Our first night we ate the best piece of pecan pie I have had (and I don't say that lightly) at Brigtsen's (actual pecan pie recipe here). Somehow placing the slice of pie in a pool of caramel sauce enhanced it and didn't make it too sweet. It was the perfect conclusion to a near perfect meal including sweet breads, soft shell crab, rabbit, and oysters.
Our third night we had a disappointing chocolate pudding pie after an otherwise phenomenal meal that included head cheese, crawfish pie, boudin balls, and oysters at Cochon.
Somehow the day in between included neither oysters nor pie, although it did include two variations on sno-balls (not the same as a snow cone), one after kayaking on Cane Bayou and one as a bonus course in the homage-to-foods-New Orleans tasting menu at Coquette.
I did not see them until the airport (and after I had bought the boys over-priced pralines), but once I identified them, I knew I had to carry home the Haydel's New Orleans Hand Pie Hubig replacement (although Haydel's are baked and not fried). We split the cherry and the coconut cream six ways when we returned, and they were tasty enough, although nothing for which I will return to New Orleans.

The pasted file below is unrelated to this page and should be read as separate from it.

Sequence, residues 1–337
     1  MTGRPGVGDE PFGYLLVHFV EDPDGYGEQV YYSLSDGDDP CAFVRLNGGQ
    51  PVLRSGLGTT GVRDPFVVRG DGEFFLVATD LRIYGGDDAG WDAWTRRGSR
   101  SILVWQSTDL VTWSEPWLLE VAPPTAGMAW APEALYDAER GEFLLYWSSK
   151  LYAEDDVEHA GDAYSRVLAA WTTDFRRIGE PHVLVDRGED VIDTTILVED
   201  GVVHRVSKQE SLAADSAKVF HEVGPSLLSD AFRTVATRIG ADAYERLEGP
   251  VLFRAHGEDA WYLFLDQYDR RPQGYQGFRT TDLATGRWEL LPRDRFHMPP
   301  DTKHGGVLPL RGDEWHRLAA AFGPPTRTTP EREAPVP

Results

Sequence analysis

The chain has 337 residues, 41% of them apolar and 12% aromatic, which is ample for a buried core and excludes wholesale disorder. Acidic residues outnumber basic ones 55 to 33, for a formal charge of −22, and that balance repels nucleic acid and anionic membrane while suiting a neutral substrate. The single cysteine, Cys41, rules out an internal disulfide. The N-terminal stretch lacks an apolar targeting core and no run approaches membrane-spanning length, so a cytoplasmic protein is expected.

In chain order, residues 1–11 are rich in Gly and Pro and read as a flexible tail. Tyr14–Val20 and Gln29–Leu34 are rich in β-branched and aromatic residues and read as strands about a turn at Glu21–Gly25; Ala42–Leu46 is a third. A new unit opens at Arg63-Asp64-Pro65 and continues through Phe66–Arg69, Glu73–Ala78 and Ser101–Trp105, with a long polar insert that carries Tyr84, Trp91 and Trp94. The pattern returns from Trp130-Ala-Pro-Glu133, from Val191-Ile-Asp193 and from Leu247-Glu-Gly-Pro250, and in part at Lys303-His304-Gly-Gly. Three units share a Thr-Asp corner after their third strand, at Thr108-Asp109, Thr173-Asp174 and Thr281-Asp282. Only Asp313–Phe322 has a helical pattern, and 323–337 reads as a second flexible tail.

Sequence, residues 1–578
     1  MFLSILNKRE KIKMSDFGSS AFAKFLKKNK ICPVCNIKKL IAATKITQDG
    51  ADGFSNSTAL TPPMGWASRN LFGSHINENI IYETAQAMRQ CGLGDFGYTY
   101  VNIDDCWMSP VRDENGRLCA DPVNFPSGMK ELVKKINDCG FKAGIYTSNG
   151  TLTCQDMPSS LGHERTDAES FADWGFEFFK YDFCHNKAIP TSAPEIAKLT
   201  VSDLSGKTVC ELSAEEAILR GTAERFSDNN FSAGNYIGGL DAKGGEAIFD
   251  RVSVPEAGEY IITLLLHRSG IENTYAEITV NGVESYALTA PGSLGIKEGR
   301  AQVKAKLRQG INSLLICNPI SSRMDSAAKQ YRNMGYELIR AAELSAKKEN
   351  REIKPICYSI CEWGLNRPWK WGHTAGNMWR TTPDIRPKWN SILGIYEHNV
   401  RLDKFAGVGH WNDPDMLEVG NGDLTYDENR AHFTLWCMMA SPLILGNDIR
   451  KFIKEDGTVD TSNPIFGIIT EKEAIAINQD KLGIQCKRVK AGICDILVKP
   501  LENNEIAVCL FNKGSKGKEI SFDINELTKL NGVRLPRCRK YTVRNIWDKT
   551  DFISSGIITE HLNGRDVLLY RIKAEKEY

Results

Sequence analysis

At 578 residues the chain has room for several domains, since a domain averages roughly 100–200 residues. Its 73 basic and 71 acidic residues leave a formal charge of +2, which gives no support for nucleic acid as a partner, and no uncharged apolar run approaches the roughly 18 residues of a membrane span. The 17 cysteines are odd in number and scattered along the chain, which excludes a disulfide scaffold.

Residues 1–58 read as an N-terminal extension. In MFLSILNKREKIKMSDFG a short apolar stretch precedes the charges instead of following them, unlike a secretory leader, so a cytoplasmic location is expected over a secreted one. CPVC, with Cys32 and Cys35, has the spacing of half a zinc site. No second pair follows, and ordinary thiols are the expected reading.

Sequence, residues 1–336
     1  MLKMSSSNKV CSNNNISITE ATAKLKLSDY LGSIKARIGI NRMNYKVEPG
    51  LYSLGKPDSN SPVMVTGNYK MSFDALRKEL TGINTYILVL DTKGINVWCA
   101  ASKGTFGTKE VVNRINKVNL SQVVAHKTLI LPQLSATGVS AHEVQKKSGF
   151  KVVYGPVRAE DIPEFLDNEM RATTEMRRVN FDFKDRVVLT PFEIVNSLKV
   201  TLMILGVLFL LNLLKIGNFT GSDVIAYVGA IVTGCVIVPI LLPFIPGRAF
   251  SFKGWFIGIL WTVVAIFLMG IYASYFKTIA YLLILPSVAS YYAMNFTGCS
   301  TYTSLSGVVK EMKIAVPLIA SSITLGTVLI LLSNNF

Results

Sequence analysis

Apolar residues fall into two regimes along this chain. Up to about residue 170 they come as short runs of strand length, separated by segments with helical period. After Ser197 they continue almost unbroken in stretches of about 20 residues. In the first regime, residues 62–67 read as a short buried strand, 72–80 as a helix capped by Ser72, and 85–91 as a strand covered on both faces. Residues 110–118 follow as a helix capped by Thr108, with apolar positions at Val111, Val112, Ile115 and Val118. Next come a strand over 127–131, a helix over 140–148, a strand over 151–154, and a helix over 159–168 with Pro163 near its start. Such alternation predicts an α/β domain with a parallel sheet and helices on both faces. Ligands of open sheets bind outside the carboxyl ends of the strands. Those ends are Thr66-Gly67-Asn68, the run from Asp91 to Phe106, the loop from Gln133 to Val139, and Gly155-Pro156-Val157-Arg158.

|7, 45, 5 May 20, 2017|
So I'm another year and seven pies wiser (and experienced in all kinds of things, from packing by candlelight under a tornado watch to kayaking to changing transportation plans because of the Lee statue coming down in Lee Circle) than I was last week, and my small basement tornado shelter has now been used (by my parents and my sons).
It's a good adventure.
|Rhubarb from Colorado May 2017|
|I plan to use this photo of my lovely mother|
for the People of Pie series, but just in case I never
post that series, you can see how great my mother is.
*I am aware of the irony/condescending privilege/silliness of learning about tragedy, resilience and and soul from watching an HBO series before a three day trip with every meal planned out. None the less, I appreciated the town a great deal more from having watched and learned.